Related:NAFTA negotiations offer progress on ag issues


Steel tariffs are ruling the news cycle right now, but for wheat farmers, the new Trans-Pacific Partnership (TPP) being signed by the 11 remaining countries Thursday morning in Santiago, Chile, is a “real and present danger,” according to Steve Mercer, vice president of communications for the U.S. Wheat Associates.

The U.S. Wheat Associates, along with the National Association of Wheat Growers (NAWG) and 33 state wheat organizations, expressed hope in a letter to U.S. Trade Representative (USTR) Robert Lighthizer that the Administration will immediately prioritize accession to TPP to save the valuable Japanese market for U.S. wheat farmers.

“Once TPP is ratified, U.S. wheat exports to Japan will be at serious risk,” the letter stated. “TPP will reduce the effective tariffs that Japanese flour millers pay for imported Australian and Canadian wheat over nine years from about $150 to about $85 per ton. Effective tariffs on imported U.S. wheat would remain at about $150 per ton. Loss in market share and its negative effect on farm-gate prices are likely to come much sooner as Japanese millers reformulate their product mix to avoid the need to purchase artificially expensive U.S. wheat. Lost market share is incredibly difficult to regain.”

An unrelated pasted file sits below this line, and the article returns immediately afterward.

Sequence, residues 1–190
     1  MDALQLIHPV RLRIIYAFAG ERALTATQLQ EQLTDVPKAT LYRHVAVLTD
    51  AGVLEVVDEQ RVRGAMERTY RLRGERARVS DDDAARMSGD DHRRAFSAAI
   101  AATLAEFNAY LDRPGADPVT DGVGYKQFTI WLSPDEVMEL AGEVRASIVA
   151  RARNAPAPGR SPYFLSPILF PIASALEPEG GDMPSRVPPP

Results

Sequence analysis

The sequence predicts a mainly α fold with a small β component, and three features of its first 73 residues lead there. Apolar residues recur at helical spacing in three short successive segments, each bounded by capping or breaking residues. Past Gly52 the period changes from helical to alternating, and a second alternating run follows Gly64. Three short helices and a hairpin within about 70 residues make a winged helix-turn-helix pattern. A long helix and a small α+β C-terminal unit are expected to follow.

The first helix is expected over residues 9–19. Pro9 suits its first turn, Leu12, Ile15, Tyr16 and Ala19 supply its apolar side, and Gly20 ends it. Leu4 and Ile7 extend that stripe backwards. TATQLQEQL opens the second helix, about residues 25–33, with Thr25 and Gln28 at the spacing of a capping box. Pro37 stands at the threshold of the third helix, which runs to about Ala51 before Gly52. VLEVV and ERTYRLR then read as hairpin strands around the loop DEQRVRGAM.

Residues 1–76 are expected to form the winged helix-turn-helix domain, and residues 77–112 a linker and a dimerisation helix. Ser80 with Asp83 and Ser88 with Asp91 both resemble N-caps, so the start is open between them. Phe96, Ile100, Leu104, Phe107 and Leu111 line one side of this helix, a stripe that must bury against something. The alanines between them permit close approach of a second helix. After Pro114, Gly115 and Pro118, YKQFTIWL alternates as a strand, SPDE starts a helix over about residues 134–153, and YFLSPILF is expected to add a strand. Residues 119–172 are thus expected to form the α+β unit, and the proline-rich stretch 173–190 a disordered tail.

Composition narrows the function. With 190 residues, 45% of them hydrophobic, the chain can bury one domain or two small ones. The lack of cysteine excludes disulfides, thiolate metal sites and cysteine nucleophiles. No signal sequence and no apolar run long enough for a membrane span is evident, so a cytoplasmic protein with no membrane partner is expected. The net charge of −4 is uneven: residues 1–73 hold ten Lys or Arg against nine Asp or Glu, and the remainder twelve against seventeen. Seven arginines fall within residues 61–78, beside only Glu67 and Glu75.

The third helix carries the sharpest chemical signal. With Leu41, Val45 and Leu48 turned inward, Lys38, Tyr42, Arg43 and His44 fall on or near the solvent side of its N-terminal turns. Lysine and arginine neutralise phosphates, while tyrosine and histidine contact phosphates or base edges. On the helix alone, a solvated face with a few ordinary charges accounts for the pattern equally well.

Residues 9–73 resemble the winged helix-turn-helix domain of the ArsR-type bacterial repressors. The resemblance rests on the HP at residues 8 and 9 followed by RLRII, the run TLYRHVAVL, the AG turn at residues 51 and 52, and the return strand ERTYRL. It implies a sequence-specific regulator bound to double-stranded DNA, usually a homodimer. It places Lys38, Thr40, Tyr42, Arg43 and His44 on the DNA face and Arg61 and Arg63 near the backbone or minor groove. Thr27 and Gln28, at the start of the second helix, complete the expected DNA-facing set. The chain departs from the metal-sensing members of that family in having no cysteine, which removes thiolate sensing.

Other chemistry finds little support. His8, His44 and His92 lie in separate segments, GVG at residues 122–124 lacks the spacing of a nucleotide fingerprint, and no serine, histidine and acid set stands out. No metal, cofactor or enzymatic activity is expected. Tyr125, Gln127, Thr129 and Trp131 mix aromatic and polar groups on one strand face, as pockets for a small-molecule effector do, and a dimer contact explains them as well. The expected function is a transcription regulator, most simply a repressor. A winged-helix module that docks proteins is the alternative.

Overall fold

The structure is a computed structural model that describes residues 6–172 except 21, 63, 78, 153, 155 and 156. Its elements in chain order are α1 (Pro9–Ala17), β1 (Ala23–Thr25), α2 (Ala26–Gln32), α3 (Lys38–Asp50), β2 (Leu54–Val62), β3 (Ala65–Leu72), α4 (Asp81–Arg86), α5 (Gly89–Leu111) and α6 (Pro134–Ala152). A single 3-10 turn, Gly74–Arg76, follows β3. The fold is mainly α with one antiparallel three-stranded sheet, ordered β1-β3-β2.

Related:Trump’s steel tariff decision troubling

Kent Lorens, a wheat farmer from Stratton, Neb., explained that if Japan reduces its purchases of U.S. wheat as expected, it could lead to a 50 cent/bu. reduction in his farm-gate price. “Losing that revenue would be a substantial hit,” Lorens said, noting that, for him, it is all about “whether you’re staying in or going out of business."

The organizations said they welcomed the President’s recent openness to joining TPP if better terms for the U.S. can be negotiated. They also suggested that Lighthizer could include acceding to the TPP as an objective in the Administration’s report to Congress that will outline its request to extend trade promotion authority.